Tackle a new piece of software

Been meaning to learn Final Cut X, Lightroom, a new programming language, or any other piece of sophisticated software? Employ groups of kids to tackle the software alone or together and employ their knowledge once school returns. Let them share what they know and lead.

Contribute to something larger than yourself

This is the time for teachers to support kids in creating big creative projects. Write a newspaper, novel, poetry anthology, play, cookbook, or joke book. Make a movie and then make it better. Create a virtual museum. Share your work, engage in peer editing, and share to a potentially infinite audience.

Check out what Berklee College of Music students have already done!

Teach like you know better

Use this time to rev-up or revive sound pedagogical practices like genre study, author study, process writing, interdisciplinary projects and the other educative good stuff too often sacrificed due to a lack of sufficient time. You now have the time to teach well.

Take note of current events

Daily life offers a world of inspiration and learning invitations. Why not engage kids in developmentally appropriate current events or take advantage of opportunities like JSTOR being open to the public during the COVID-19 crisis? Here’s a possible student prompt.

“Go to JSTOR, figure out how it works, find an interesting article, and share what you learned with the class.”

Let Grow

Change the world by challenging students to learn something on their own by embracing the simple, yet profound, Let Grow school project. A simple assignment asks kids to do something on their own with their parent’s permission and share their experiences with their peers.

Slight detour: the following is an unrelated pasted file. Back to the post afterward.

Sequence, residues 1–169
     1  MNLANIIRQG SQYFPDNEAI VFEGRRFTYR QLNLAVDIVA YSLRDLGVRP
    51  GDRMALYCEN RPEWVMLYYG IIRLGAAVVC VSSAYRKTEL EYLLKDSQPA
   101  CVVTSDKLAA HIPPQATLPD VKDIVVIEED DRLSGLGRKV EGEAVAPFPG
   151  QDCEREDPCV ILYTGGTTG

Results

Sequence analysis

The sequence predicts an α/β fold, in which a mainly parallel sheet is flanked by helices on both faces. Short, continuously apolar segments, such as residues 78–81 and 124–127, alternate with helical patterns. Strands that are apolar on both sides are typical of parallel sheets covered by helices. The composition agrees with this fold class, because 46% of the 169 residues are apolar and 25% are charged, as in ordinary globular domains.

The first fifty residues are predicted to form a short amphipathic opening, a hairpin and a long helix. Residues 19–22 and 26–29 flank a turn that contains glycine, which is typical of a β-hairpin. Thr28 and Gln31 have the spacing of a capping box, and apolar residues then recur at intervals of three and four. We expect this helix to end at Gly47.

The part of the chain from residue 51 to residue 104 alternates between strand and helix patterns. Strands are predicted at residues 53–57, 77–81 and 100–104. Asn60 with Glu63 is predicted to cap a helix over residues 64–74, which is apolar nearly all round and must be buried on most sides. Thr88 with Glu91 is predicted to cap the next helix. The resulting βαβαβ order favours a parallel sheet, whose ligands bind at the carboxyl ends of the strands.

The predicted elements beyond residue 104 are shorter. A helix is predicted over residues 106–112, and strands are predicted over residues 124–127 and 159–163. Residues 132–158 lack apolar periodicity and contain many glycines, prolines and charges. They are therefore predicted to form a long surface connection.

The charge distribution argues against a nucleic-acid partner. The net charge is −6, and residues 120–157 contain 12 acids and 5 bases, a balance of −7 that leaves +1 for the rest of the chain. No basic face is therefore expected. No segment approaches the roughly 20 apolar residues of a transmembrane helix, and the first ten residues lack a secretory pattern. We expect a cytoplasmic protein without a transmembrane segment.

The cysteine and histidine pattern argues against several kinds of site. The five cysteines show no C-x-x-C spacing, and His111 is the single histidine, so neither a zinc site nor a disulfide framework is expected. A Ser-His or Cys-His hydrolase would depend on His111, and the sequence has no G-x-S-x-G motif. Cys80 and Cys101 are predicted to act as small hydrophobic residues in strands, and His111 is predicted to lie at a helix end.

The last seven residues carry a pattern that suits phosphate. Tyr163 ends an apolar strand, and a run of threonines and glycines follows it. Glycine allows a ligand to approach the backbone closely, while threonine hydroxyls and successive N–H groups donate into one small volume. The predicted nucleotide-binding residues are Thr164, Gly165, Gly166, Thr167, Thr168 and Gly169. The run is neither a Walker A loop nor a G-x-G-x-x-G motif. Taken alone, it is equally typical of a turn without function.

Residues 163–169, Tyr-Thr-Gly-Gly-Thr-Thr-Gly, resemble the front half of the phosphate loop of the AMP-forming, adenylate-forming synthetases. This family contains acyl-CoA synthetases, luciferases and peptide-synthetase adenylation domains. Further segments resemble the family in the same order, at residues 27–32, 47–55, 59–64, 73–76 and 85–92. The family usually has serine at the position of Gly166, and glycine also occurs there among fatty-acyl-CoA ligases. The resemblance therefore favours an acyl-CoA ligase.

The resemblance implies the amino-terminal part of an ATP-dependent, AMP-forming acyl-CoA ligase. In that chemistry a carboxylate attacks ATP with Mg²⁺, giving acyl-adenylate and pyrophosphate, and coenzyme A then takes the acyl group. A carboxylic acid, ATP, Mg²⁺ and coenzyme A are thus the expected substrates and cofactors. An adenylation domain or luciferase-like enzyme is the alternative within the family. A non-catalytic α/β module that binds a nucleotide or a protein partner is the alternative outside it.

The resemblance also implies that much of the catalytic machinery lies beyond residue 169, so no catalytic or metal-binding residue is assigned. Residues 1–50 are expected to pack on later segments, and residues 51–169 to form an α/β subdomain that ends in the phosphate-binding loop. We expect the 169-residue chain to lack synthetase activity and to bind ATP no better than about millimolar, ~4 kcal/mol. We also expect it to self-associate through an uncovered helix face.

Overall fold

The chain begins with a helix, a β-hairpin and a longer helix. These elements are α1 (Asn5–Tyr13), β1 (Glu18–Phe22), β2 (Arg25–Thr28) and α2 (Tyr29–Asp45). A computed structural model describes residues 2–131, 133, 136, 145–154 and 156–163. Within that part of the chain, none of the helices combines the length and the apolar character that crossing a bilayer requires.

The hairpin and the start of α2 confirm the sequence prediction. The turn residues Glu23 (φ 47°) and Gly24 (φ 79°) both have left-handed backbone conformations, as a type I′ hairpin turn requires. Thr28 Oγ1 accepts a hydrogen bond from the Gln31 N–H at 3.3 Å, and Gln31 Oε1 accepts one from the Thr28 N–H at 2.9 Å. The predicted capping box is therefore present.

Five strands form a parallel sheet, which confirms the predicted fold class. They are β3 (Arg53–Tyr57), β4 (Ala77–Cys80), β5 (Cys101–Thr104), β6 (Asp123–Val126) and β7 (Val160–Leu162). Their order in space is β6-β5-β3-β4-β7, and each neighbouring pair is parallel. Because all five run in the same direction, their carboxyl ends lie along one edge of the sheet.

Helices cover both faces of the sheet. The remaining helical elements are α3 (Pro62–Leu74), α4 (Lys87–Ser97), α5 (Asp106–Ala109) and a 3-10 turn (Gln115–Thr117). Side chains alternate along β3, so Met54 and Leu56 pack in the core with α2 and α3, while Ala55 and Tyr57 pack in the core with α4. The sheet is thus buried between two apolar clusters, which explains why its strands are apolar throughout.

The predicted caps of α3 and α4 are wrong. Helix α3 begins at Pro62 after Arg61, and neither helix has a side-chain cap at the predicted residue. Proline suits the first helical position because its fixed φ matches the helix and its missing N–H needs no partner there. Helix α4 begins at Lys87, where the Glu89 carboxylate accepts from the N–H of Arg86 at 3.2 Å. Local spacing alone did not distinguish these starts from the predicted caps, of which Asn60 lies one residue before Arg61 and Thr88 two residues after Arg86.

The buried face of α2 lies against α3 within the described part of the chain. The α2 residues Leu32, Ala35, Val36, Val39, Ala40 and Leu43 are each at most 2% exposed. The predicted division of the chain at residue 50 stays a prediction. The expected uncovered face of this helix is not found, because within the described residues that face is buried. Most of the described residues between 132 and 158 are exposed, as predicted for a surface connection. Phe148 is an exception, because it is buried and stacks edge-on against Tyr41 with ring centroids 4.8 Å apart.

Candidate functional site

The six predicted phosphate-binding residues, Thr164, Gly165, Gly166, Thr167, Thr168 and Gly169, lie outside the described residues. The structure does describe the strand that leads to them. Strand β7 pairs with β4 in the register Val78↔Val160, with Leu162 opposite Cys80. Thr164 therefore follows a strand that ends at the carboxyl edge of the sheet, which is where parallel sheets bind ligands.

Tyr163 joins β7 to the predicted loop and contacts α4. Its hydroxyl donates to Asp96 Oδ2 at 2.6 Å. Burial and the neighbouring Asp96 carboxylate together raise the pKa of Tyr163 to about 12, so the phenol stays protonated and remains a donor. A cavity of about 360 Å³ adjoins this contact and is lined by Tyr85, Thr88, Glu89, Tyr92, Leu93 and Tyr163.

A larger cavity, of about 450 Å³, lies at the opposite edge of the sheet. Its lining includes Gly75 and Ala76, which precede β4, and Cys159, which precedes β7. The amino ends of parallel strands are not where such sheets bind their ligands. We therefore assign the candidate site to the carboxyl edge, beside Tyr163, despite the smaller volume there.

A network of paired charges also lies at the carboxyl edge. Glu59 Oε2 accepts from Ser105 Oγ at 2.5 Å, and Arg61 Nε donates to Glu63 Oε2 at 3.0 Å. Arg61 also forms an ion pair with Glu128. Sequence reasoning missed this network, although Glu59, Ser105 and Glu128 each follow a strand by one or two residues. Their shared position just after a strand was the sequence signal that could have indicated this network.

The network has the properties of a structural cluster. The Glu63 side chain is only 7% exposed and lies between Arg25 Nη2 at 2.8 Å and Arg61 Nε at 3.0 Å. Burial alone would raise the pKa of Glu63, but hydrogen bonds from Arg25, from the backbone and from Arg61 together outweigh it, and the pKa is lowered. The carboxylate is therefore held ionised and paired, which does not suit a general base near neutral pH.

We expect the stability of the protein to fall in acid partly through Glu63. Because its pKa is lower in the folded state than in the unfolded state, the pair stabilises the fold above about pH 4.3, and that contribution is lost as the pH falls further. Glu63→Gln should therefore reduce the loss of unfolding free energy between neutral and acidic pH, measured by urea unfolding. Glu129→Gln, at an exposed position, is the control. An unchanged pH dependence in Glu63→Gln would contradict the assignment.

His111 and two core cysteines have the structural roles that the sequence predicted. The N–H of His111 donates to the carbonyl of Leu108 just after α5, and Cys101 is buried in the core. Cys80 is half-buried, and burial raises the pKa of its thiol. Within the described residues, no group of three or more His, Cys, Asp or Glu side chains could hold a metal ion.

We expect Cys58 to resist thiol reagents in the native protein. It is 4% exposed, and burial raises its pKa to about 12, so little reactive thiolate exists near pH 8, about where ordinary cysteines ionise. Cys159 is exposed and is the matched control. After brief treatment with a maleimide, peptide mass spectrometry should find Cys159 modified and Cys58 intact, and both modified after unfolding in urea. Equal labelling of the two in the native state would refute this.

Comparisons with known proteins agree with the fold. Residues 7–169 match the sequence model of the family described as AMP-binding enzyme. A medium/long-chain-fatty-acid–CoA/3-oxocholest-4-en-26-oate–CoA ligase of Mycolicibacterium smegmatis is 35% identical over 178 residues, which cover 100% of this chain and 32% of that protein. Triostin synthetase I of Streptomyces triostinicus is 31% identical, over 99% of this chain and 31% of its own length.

Stand on the shoulders of giants

Every problem in education has been solved and every imaginable idea has been implemented somewhere. Teachers should use this time to read books about education written by experts and learn the lessons of the masters.

Take time to enjoy some culture

There is no excuse to miss out on all of the cultural activities being shared online from free Shakespeare from the Globe Theatre, Broadway shows, operas, living room concerts, piano practice with Chick Corea, and exciting multimedia collaborations. Many of these streams are archived on social media, YouTube, or the Web. Bring some peace, beauty, and serenity into your home.

The following are some links, albeit incomplete and subjective, to free streaming cultural events.

Apprentice with the world’s greatest living mathematician

In A Personal Road to Reinventing Mathematics Education, I wrote about how I have been fortunate enough to know and spend time with some of the world’s most prominent mathematicians and that while not a single one of them ever made me feel stupid, plenty of math teachers did. Stephen Wolfram is arguably the world’s leading mathematician/scientist/computer scientist. Over the past few years, he has become interested in teachers, kids, and math education. Dr. Wolfram spoke at Constructing Modern Knowledge, runs an annual summer camp for high school mathematicians, and has made many of his company’s remarkable computational tools available for learners.